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6 eGFR Equations (beta)

Potassium and Your Diet

Potassium is a mineral found in all the foods we eat: some have more, some less. When your kidneys were healthy, they removed any extra potassium in your body. There is a danger of high potassium levels in your blood (hyperkalemia) when there is limited or no kidney function.

Potassium regulates your heartbeat and helps your other muscles function properly. If you have too much potassium in your blood you may develop a rapid heartbeat or general muscle weakness, cramps, or stiffness. These symptoms should be considered serious and receive immediate attention.

High potassium levels can be caused by reasons other than diet. Hyperkalemia can occur as the result of an infection, or even a bad blood sample. The most common cause is missed dialysis treatments. One missed treatment means that you would have 4 to 5 days worth of potassium in your blood, which can lead to a heart attack! Don't skip or shorten your treatments!

For those of you receiving dialysis, the good news is that the treatments are effective in removing potassium. Patients receiving peritoneal dialysis may even need potassium supplements. Patients receiving hemodialysis need to maintain steady potassium intake, usually around 2000 to 2500 milligrams a day; there are individual differences and your dietitian will be able to tell you a safe level for your individual diet.

Major sources of potassium in the diet are fruits and vegetables. However, with good choices it is not difficult to maintain a healthy potassium level. For example, here are some fruits that are popular for breakfast with their potassium contents (1 cup servings):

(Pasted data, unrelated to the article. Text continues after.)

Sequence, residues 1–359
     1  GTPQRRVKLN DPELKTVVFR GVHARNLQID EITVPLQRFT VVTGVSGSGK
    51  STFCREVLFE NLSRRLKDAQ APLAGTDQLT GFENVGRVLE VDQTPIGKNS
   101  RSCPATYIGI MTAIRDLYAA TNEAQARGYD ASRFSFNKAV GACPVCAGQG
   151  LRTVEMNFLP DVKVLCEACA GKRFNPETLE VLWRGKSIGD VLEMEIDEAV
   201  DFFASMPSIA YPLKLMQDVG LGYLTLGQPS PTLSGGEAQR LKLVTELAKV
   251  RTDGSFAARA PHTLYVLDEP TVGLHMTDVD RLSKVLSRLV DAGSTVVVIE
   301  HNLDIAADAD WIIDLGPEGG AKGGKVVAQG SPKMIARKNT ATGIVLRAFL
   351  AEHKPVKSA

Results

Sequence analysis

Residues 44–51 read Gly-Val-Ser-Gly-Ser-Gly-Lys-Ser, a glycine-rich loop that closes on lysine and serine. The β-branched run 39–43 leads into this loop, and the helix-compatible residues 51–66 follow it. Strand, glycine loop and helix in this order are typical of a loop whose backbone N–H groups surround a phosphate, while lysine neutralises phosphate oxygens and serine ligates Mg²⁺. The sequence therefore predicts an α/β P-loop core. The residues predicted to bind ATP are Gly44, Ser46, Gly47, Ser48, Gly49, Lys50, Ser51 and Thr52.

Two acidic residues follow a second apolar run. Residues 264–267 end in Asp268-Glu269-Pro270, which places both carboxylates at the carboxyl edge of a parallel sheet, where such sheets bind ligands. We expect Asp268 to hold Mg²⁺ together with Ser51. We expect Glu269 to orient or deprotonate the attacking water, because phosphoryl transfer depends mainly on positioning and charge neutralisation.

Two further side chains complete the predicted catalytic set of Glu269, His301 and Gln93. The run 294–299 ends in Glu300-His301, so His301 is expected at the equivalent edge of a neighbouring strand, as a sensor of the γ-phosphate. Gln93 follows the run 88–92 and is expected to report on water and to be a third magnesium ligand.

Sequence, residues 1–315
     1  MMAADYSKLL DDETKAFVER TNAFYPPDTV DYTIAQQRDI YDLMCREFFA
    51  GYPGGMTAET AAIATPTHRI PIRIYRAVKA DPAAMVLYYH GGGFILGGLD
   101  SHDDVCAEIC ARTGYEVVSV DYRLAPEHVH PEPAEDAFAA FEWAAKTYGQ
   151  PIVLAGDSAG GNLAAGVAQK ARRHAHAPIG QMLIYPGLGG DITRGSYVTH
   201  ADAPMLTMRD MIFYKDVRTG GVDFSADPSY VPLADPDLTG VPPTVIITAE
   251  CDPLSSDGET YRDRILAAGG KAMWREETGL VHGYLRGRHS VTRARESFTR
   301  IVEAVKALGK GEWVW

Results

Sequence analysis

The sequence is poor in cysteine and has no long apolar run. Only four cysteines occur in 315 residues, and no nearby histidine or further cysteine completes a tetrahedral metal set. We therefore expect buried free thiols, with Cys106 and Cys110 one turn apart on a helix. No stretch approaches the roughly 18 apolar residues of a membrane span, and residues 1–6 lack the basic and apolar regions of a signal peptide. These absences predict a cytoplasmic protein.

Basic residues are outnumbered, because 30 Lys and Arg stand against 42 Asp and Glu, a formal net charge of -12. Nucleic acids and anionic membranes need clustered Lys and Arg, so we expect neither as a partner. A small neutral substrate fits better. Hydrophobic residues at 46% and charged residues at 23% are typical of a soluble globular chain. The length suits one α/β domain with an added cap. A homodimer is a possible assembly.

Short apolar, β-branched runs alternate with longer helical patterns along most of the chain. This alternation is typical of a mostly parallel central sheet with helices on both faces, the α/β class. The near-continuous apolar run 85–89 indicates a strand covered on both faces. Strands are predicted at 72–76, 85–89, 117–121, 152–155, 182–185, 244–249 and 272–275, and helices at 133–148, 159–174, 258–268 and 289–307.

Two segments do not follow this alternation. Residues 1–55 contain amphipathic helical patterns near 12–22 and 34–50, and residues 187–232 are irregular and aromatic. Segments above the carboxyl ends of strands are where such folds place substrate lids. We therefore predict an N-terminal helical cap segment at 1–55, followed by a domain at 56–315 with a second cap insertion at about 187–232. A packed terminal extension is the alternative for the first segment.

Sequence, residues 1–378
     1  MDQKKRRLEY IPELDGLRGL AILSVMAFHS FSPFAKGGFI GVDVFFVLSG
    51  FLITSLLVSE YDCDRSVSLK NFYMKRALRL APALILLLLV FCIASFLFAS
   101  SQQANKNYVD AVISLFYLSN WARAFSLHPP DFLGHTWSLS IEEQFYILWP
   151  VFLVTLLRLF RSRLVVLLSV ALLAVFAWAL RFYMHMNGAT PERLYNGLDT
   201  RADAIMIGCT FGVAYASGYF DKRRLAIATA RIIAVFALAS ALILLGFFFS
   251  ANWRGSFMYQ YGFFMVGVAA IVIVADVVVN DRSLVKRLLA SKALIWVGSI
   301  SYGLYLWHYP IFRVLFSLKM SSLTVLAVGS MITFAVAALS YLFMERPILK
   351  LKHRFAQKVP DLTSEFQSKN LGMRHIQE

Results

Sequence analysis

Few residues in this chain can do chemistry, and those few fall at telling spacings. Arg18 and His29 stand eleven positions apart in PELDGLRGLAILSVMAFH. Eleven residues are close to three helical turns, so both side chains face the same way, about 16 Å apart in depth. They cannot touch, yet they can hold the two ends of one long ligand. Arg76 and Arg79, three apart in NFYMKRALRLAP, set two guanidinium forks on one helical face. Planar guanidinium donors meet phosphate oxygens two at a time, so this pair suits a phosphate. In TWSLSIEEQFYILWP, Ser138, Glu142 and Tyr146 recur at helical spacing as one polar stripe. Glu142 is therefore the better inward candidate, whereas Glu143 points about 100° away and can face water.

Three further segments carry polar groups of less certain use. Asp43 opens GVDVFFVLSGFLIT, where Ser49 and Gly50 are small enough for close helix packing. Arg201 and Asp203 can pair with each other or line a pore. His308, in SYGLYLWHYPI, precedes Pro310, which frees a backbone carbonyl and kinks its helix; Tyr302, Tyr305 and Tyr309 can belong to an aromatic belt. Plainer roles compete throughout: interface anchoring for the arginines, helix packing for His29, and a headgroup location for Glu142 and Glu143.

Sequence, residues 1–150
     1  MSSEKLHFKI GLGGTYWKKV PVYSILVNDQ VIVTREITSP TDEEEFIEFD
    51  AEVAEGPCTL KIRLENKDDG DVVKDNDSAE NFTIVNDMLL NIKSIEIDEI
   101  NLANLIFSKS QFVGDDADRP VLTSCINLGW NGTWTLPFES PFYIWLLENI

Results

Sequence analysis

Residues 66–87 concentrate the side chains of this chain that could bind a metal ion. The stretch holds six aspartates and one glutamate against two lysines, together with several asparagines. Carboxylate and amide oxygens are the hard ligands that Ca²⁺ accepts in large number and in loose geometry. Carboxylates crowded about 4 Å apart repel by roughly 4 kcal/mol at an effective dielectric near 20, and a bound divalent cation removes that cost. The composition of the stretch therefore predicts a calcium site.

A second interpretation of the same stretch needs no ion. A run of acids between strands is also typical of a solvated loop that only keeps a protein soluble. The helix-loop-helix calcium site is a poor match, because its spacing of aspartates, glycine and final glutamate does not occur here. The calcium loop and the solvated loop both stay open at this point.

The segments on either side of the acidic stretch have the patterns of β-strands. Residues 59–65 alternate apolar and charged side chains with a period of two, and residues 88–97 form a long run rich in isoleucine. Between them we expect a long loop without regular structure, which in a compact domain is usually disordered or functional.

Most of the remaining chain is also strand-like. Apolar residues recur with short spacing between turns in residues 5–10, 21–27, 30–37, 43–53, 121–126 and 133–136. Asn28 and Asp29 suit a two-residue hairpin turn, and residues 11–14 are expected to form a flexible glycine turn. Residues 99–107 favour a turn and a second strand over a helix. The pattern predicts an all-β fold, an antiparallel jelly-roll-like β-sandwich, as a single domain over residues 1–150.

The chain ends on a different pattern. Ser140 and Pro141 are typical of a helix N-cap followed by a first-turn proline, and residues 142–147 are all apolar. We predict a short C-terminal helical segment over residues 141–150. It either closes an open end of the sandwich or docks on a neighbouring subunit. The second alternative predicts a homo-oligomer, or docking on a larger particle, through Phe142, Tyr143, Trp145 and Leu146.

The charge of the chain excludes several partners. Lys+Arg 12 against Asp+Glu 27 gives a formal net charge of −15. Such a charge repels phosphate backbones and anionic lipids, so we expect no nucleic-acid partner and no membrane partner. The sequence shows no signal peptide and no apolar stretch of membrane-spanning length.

• blueberries (frozen) 138 mg
  • strawberries 276 mg
  • One medium banana 467 mg

As you can see, blueberries have 1/3 and strawberries have 2/3 the amount of potassium in the banana.

How products are processed also makes a difference. Tomatoes are considered a high potassium fruit, but their form can make a huge difference (1 cup servings):

  • tomato paste 2455 mg
  • tomato puree 1065 mg
  • tomatoes, fresh 400 mg

It is clear here that a tomato sauce made from fresh tomatoes, without tomato paste, would be best.

Potatoes are also a popular high potassium vegetable. There are techniques to help reduce their potassium content , but boiling alone helps:

  • baked Potato 844 mg
  • boiled Potato 515 mg
Rice and pasta are good substitutes for potatoes, and should a least be rotated with potatoes throughout the week: white rice (1 cup) 222 mg; spaghetti (1 cup) 43 mg. Potato chips count too. An ounce of potato chips has 494 mg of potassium, while corn chips have about 40 mg—a tenth the amount!

Other substitutions can be more similar, as in the case of greens (1 cup servings):

  • beet greens 1309 mg
  • spinach 839 mg
  • kale 296 mg
  • turnip greens 292 mg

Obviously, turnips are a better choice than beet greens.

Protein foods such as meat, poultry, and fish also have potassium, but because of the body’s need for protein we don’t restrict their intake. Generally, for counting purposes, you can figure 100 milligrams of potassium for each ounce of protein. For the average diet, that would be about 400-500 milligrams a day.

REMEMBER! One final item that is very important is to not use salt substitutes. These are often made by substituting sodium with potassium! These are very dangerous for dialysis patients and should not be used under any circumstances.

The key to controlling your potassium is to identify your favorite foods and their potassium content. If they are high, try to think of substitutes. If they are foods you eat frequently, it may be necessary to cut portions and frequency of these foods. Your dietitian can guide you in making good food choices and help you fit your favorite foods into your diet.

Examples of different potassium content in foods
(mg, 1/2 cup servings, Source: USDA)
Low Medium High

(Potassium contents from USDA SR 17)

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